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Gay Issue: Don't Ignore Humans' Spiritual Side

March 10, 2004

Speaking as an evangelical Christian, I appreciated Marlene Zuk's "Birds Do It, Bonobos Do It" (Opinion, March 7). It perfectly demonstrates the crux of the "culture war" debate: Are we merely animals or are we somehow created in the likeness of God?

If the naturalist, scientific community that has taught the majority of the population for the last 45 years is correct, then there is really no logical reason to exclude gays from marriage, prevent the abortion of the unborn or not enshrine evolution as the new creation story. If we are truly just animals, how can we say any of these things is wrong? In fact, if they are correct, it would be wrong to purposely discriminate against any sexual behavior (let your mind wander freely here), choose abortion as the preferred birth control method or teach evolution as our purpose in being.

However, if we are, as the writer C.S. Lewis says, "amphibians, half spirit and half animal ... as spirits, belonging to the eternal world, but as animals, inhabiting time," then we need to change the minds of those who are observing only the human half. This can't be done through legislation but only by the transformation of the hearts of the population.

There is precedent for this happening: 2,000 years ago a Jewish prophet was nailed to a cross, and his followers created what we know as Western civilization. The same God can do it again, but he's not going to do it through the courts or the elected officials. He's going to do it one heart at a time, through those who believe in him.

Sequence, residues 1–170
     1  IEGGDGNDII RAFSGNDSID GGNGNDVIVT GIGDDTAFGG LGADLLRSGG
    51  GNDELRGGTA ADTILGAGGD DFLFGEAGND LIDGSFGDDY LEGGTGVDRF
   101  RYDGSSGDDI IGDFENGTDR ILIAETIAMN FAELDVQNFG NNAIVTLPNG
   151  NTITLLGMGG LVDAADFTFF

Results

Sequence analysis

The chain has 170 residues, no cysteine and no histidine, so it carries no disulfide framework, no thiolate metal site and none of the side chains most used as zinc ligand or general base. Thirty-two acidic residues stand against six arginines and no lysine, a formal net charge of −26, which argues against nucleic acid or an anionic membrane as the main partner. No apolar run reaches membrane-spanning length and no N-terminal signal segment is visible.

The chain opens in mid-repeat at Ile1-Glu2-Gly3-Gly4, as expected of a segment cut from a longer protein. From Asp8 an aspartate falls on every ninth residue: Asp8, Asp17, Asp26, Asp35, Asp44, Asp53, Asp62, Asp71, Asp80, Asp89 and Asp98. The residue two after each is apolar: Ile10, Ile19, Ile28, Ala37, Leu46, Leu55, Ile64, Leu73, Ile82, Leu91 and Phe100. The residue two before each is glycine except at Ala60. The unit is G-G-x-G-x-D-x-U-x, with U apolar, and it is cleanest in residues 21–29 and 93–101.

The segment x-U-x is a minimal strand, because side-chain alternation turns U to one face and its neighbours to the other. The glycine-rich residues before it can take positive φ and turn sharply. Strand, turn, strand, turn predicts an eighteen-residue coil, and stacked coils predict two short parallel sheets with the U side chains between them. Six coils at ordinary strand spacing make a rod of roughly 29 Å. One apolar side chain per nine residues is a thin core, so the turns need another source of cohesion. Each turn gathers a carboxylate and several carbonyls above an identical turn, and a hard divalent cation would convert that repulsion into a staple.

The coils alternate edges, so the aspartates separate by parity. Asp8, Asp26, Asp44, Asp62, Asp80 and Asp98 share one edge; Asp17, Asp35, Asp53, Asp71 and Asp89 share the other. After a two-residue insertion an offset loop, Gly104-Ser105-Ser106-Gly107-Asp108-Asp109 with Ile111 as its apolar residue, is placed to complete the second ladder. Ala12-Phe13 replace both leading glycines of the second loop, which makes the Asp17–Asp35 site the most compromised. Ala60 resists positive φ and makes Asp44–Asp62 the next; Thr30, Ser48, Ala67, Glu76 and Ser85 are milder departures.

Charles Winning

West Hills


Zuk argues that homosexuality may not be as unnatural as we think, citing the fact that there are over 450 animal species where homosexual behavior has been observed. Authoritative sources say there are anywhere from 2 million to 17 million animal species, but if we go with the most conservative estimate of 2 million species and assume that three-fourths of these are from the insect world (a very generous assumption), that leaves us with 500,000 animal species. If homosexual tendencies are found in 450 of the species, that means that the behavior occurs in a whopping 0.1% of the animal species.

That is, in 99.9% of the animal species, homosexual behavior has never been observed.

Larry Beckler


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